40. R

    Whoops missed the ova/movie section.

    I supposed the only upside to getting an OVA for Mahoutsukai no Yome is that if it was a series for summer I would literally implode from so many of my favorites being adapted. That being said, whichever season the TV series comes out in will immediately become the top season for me. The series is THAT good.

  41. R

    What the hell is being gay adapted. Autocorrect please.

  42. Thank you – I wasn’t sure what sort of statement you were trying to make there…

  43. I’m one of those people that loved the original D.Grayman until it went off in a certain direction that most fans hated (including me). I was like WTF? and stopped reading the manga.

  44. J

    I’ll give Battery, Mob Psycho 100 & maybe Orange a chance.

    I honestly don’t expect Mob Psycho 100 to be that good, sorta like Kekkai Sensen, a director with 1 great show under their belt tries to adapt a well-known fan-favorite manga. Their style gets compromised or the content doesn’t quite suit their storytelling, but I guess I’ll see.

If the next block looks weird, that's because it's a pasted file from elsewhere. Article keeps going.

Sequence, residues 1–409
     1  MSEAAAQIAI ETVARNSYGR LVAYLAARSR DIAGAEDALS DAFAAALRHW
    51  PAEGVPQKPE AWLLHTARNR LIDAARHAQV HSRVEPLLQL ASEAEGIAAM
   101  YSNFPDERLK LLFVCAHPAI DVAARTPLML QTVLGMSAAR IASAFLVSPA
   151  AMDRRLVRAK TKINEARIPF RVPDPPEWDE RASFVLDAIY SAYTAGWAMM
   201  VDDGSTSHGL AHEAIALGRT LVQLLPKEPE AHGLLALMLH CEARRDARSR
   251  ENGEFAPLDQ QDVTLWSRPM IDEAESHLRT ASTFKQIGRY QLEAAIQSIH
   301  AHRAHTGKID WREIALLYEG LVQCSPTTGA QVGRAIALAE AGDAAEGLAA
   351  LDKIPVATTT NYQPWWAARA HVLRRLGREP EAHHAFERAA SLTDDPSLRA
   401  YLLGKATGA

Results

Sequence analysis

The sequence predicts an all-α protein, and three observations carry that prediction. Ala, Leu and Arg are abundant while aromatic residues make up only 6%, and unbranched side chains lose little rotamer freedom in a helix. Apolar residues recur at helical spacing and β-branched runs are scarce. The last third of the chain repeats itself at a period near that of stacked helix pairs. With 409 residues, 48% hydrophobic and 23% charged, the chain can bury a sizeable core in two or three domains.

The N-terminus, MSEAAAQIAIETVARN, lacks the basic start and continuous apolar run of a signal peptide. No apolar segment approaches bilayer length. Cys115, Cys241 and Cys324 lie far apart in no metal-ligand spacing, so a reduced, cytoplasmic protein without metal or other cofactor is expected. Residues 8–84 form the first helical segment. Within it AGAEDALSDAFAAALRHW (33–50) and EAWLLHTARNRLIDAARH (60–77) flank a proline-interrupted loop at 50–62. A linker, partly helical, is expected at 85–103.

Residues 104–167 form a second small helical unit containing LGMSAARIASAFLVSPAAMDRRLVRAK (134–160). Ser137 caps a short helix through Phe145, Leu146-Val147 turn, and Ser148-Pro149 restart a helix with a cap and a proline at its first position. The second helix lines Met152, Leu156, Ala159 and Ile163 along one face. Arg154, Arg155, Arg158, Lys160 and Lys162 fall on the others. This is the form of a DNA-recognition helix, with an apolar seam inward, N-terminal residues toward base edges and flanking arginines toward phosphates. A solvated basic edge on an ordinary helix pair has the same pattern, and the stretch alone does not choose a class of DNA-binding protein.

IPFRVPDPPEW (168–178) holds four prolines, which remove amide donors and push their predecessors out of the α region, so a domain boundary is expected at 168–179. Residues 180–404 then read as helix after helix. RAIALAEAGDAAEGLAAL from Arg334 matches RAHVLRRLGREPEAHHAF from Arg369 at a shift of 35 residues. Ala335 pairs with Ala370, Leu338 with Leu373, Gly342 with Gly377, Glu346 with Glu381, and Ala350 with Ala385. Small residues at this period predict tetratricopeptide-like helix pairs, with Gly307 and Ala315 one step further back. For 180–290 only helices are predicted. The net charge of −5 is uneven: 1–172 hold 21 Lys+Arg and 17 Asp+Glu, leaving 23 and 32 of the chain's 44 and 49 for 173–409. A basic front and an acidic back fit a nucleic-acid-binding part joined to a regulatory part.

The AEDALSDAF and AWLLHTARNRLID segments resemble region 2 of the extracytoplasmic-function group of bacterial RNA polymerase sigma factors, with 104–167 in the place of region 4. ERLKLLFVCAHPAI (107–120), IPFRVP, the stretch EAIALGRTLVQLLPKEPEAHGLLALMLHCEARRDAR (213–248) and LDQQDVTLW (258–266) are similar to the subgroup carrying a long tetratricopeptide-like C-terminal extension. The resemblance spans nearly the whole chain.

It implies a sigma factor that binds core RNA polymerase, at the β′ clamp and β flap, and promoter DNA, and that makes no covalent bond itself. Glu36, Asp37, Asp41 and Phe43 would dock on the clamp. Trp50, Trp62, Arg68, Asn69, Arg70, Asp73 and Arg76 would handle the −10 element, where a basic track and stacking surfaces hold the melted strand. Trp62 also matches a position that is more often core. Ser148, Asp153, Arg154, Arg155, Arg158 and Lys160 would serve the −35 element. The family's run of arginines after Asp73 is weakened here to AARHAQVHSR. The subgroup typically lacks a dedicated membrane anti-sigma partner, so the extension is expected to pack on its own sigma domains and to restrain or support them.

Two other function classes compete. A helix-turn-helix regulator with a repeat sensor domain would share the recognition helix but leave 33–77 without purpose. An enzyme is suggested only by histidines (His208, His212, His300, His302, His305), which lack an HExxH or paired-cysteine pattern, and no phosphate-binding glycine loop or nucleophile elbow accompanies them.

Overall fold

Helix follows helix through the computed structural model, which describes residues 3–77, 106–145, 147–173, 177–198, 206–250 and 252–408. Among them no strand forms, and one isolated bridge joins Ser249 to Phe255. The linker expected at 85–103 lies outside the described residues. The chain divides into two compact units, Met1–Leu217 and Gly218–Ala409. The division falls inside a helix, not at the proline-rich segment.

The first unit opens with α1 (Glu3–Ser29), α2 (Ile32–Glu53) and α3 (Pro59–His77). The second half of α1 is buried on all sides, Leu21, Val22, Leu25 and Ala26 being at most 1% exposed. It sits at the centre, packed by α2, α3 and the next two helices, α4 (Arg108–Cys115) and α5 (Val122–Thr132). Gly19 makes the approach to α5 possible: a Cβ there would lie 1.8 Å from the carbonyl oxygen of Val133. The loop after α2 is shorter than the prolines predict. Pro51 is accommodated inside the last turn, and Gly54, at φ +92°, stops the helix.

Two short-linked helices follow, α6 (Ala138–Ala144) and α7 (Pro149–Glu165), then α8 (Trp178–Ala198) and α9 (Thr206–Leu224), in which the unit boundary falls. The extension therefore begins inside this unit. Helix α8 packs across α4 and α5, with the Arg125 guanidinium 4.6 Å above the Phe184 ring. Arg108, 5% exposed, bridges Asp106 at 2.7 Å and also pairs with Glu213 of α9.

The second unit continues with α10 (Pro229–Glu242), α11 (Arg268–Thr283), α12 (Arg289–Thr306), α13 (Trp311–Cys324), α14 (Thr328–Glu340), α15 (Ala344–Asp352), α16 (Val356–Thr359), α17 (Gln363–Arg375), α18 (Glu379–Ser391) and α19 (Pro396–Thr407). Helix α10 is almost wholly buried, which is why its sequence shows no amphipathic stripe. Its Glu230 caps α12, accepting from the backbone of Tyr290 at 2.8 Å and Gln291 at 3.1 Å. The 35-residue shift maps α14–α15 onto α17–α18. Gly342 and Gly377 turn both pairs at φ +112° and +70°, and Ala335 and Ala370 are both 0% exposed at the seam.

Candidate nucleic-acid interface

45. S

    Thanks for the preview Enzo! Are you planning to check Taboo Tattoo? I watched PV and quite like J.C.Staff’s animation. It’s a seinen manga adaptation so it piqued my interest eventhough the main visual points out that it will be a harem anime which I’m not a big fan of its genre. At this point, I’ll just hope for the best.

  46. You’re most welcome. I’ll watch the premiere, though to be honest it looks pretty dumb to me. You never know.

  47. M

    Hullo, just wondering if you are going to give Doukyuusei a chance? its not in the preview, and it IS BL… but i know you give the genre a fighting chace(not that it has ever won, mind you). For me at least, this series was a revelation, the characters are treated – not with dignity, they are two adolescents in love- but not particularly different from any other two adolescents in love. the art is quirky and beautiful, nice eye catchers and the plot is a beautiful redo of an old story. I would really like to read a post about it if you give it a try :).

  48. There’s no Doukyuusei series, is there? Just the movie from last Winter?